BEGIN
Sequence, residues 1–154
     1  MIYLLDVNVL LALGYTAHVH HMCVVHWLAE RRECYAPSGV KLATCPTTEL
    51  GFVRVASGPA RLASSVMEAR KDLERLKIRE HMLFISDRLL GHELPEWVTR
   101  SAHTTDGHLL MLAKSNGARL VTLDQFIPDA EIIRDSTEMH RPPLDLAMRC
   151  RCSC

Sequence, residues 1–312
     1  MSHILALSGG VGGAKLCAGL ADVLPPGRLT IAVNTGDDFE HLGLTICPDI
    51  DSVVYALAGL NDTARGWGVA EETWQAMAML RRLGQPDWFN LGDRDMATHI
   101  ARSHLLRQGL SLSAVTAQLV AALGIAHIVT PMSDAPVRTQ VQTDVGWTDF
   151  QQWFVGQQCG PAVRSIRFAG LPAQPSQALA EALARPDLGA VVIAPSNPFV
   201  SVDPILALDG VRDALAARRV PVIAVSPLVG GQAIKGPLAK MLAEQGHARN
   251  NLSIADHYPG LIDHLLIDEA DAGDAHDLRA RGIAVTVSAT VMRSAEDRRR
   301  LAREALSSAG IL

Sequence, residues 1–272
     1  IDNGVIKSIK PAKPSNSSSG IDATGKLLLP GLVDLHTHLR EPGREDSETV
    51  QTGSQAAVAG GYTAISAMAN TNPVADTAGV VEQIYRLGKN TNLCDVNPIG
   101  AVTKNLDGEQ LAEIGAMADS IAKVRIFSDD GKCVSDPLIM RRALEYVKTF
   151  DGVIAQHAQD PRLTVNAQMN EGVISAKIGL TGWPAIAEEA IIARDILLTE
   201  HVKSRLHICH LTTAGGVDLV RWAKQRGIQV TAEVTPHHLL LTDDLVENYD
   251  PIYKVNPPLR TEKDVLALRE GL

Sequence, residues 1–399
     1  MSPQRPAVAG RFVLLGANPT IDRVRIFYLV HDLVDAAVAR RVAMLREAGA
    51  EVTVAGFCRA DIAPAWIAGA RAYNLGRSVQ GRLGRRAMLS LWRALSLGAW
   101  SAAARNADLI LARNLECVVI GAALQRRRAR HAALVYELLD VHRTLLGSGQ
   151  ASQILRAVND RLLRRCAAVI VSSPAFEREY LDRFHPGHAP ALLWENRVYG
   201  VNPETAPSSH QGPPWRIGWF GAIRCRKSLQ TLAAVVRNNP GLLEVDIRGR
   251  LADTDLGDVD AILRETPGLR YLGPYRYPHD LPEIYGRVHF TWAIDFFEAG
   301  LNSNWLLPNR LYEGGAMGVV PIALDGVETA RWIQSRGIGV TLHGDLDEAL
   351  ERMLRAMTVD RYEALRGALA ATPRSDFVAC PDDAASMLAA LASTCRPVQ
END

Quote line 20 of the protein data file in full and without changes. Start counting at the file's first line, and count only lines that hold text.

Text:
   251  PIYKVNPPLR TEKDVLALRE GL